Amoeblog

10 Songs to Download Now: Mikal Cronin, Hanni El Khatib, Cayucas, Classixx, Small Black and More

Posted by Billy Gil, May 14, 2013 12:29pm | Post a Comment

Starting a new feature to highlight some recent tracks available to download on the Amoeba site. Take a listen and if you like them, add them to your Amoeba shopping cart (you won’t be charged until you check out). All downloads are in the $.98 MP3 format; visit the album page to pick up higher-res M4A or WAV files.

 

mikal cronin mciiMikal Cronin – “Weight”

Starting with a stately piano and acoustic jangle, “Weight” opens Mikal Cronin’s excellent MCII on a classy note. Those Rubber Soul-style harmonies and crunching guitars at the chorus don’t hurt, either. This one’s a free download. (From the album MCII)

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ancient animalsAncient Animals – “Teen Wolf”

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Album Picks: Vampire Weekend, Small Black, Eluvium, Mark Lanegan & Duke Garwood, Classixx, Wild Nothing

Posted by Billy Gil, May 14, 2013 10:28am | Post a Comment

Vampire Weekend - Modern Vampires Of The City

vampire weekend modern vampires of the cityCD $12.98

LP $18.98

Limited Edition LP $19.98

Download $9.98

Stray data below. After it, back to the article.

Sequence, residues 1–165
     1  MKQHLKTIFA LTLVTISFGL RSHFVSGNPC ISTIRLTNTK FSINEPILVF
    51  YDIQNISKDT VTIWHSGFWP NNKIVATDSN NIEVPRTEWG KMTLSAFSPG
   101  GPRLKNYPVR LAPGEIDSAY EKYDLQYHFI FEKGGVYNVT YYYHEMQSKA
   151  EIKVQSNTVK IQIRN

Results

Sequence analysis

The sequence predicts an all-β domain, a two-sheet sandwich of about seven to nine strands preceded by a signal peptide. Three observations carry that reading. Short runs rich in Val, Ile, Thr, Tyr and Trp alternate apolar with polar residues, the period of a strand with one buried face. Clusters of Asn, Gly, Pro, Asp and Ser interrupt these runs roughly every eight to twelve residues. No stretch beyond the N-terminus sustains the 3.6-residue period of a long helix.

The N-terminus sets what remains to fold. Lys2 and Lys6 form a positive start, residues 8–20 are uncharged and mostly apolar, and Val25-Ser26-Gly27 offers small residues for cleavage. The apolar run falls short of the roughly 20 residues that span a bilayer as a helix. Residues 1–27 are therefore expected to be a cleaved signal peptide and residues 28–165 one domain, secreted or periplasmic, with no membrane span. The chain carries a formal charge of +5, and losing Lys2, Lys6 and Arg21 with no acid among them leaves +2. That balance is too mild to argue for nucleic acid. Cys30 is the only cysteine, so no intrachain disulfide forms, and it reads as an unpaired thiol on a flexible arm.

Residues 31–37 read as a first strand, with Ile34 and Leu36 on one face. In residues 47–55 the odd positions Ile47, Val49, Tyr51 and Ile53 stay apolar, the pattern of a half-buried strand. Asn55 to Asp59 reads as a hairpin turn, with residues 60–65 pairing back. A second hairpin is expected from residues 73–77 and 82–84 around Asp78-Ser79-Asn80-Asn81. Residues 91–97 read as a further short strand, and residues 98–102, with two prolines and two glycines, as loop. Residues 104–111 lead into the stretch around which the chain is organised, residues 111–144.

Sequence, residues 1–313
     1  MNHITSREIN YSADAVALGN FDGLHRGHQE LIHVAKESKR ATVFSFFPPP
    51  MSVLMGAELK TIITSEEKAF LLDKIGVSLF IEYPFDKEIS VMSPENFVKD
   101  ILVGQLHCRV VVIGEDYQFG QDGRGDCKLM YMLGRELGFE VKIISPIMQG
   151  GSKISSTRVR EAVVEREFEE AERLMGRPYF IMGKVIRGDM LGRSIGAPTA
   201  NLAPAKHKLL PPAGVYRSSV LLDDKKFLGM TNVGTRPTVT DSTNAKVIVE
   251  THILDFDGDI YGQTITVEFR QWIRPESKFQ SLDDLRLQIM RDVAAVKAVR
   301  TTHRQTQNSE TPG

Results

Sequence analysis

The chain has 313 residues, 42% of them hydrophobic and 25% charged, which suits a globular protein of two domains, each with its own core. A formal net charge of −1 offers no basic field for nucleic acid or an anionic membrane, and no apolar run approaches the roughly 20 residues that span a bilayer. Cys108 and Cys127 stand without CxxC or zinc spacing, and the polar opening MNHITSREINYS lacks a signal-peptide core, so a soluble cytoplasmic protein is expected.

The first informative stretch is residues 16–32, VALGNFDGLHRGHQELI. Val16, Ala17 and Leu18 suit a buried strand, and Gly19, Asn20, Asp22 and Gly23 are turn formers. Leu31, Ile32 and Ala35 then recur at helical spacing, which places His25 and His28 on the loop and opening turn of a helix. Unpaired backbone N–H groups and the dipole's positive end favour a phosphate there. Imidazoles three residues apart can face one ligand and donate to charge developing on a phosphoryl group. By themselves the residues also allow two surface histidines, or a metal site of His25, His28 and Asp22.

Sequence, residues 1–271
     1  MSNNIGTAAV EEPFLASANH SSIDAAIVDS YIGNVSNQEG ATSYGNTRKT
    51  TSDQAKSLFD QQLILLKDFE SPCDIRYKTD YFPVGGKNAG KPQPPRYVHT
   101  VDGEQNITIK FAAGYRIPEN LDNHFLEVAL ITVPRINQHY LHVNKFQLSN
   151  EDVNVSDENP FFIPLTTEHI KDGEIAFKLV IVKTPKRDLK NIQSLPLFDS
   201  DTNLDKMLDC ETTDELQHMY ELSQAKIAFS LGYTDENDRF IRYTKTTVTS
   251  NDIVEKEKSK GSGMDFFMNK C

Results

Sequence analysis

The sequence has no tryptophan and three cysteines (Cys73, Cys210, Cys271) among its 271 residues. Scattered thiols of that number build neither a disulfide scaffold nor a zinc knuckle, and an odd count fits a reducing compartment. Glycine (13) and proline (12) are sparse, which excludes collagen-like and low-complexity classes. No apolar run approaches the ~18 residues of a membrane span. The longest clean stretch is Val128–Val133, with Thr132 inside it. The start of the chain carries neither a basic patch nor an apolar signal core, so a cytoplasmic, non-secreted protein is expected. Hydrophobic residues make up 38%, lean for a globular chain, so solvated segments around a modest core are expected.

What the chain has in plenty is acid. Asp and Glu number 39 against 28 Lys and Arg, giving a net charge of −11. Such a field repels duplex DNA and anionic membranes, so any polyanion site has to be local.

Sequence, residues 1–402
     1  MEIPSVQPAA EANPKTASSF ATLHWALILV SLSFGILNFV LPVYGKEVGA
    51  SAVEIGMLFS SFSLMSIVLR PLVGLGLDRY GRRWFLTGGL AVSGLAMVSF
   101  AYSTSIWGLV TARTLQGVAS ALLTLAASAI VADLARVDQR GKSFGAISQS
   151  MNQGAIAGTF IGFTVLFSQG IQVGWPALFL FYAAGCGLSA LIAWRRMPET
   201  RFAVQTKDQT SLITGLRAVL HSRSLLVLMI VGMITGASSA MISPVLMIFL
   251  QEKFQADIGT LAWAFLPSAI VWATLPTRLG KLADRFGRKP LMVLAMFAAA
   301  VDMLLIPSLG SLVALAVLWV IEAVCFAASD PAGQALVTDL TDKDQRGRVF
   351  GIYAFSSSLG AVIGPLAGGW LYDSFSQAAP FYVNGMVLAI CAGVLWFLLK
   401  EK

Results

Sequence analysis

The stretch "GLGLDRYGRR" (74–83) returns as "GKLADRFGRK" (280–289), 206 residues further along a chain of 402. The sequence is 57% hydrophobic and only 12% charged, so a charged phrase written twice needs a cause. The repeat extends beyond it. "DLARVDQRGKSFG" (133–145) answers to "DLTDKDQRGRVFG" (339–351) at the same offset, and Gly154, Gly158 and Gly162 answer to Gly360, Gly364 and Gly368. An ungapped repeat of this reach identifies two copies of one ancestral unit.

Every time the world turns against Vampire Weekend, they have a way of turning around and shattering expectations. From the get-go, the band was dogged with Strokes comparisons and scoffs of Ivy League grads pilfering African music while singing about rich people. But none of those things could stop people from enjoying their immensely enjoyable first album, their underrated second one and now their third pop opus, Modern Vampires of the City. It’s low-key like Contra, but Modern Vampires’ hooks are silkier and more ingratiating. “Step” waltzes with a gorgeous collegiate melody, featuring some of the finest singing to date by Ezra Koenig, who’s finally mastered that Paul Simon trill. He also extends his voice beyond its comfort zone, taking on Buddy Holly-style hiccupping and extending his range up and down (aided by digital skewing) while the band rocks a solid shuffle on the cleverly titled “Diane Young.” It’s one of their best singles yet. Koenig’s lyrics, too, retain their wittiness and specificity, though they are open enough to make your own implications — “though we live on the U.S. dollar, you and me we got our own sense of time,” he sings memorably in “Hannah Hunt,” which ends with a beautiful, well-earned climax in which Koenig tears his lungs out belting. The band mostly stays supportive, only going full-tilt on a few songs, like the galloping “Worship You,” which allows Koenig to spit verse at lightning speed, or pulling out grand pop moments in “Unbelievers” and the uber-strange “Ya Hey,” which pairs its intricate melodies with hyper-warped vocal tricks. Modern Vampires doesn’t go for obvious, occasionally obscuring itself in too much oddity and not ripping loose often enough. But few bands at this level are still taking these many chances, and pulling it off more often than not. Vampire Weekend’s freewheeling Modern Vampires of the City firmly perches the band back in the top echelon of bands making music today.

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